“For things like cervical cancer screening, our lesbian population, our trans men and non-binary populations have extremely low participation rates because of the trauma of going into a doctor’s office to get that kind of screening. From a transgender perspective, you are not a woman, but you do have female reproductive organs. You're going to go to the doctor and the entire time you’re there, you're continually hearing ‘women’s exam’ or ‘women’s health’,” Vinny explains. “It’s a lot of women-centered language – especially if you go to an OB/GYN office, which can be a very alienating experience for transgender men and non-binary people.”

Provider training seldom includes information on providing affirming, supportive care that’s sensitive to the needs of the LGBTQIA+ community. This lack of knowledge in caregivers contributes to the problem, according to Vinny.

“There isn’t knowledge about how to approach that kind of screening in a way that is comforting and non-triggering. It makes the entire experience so traumatic that the risk of getting cancer is less scary than having to go and have a pelvic examination,” says Vinny.

“Add on to that a lot of transgender and non-binary people have issues with dysphoria, especially around their body. So, you’re not only in an uncovered position – and anybody who’s ever had a Pap smear knows that is not a comfortable place to be – then add on to that a layer of dysphoria of having to have that part of your body that you are not necessarily comfortable with be thoroughly examined. You are in a very vulnerable position,” they explain.

According to the American Association for Cancer Research, other issues include:

  • Fear of mistreatment or discrimination
  • Lack of insurance or denial of coverage
  • Anti-LGBTQIA+ bias
  • Lack of legal protections
  • Negative past experiences

Compassionate, comprehensive care for everyone

“At Swedish, we believe everyone deserves high quality, compassionate care, regardless of gender identity, sexual orientation or gender expression,” says Vinny.

Some of the ways we deliver on that belief is through these programs at Swedish:

The LGBTQI+ Program offers training for providers to help them better understand the historical context, terminology and language specific to transgender and gender diverse patient care. More than 60 clinicians have completed non-clinical transgender health training and are listed as gender-affirming clinicians.

Health Care Navigation Services provide access to gender affirming services, treatments and providers. It helps patients receive the care they need and identify available resources to improve their quality of life.

The Patient and Family Advisory Council was created to improve communication between patients, their families and their care providers. Monthly meetings offer the opportunity to discuss patient needs and explore solutions to improve access to care.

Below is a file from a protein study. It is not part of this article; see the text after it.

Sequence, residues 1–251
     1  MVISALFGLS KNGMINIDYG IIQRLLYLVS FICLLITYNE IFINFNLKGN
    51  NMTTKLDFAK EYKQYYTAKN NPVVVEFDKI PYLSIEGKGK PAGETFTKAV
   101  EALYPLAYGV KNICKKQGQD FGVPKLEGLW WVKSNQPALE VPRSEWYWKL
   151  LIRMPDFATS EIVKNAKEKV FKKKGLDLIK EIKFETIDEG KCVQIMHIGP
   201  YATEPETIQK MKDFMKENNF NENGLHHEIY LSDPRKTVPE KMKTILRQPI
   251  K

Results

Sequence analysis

There’s always a stop button

A vital component of improving screening rates in the LGBTQIA+ community is an atmosphere of inclusivity, says Vinny. “We strive to create a safe space that makes everyone under our care feel respected and welcome. And we welcome input that helps us make that happen. The patient has every right at any time to say, ‘No, I do not feel comfortable.’ They can ask to have an advocate in the room. They can bring someone with them. They can always ask for the clinic manager if they feel like they have been mistreated, misgendered or harassed,” explains Vinny.

“If at any time you are uncomfortable, you can say ‘Stop.’ You can ask for an advocate, you can ask for a chaperone. We can step out of the room for a minute if you need something. If I say something that – intentionally or unintentionally – makes you uncomfortable, you can tell me,” says Vinny. “Patients need to know that they have that right to speak up. If they’re uncomfortable, there’s always a stop button.”


Learn more and find a provider

Regardless of gender identity, gender expression or sexual orientation, Swedish is committed to making sure every patient gets the care they need. Learn more about LGBTQIA+ care at Swedish.

Swedish Virtual Care connects you face-to-face with a nurse practitioner who can review your symptoms, provide instruction, and follow up as needed. If you need to find a provider, you can use our provider directory.

Join our Patient and Family Advisory Council.

Related resources

You can protect yourself from Cervical Cancer – here’s how

Take control of your good health with regular cancer screenings

Cancer Prevention Resource Roundup

This information is not intended as a substitute for professional medical care. Always follow your health care professional’s instructions.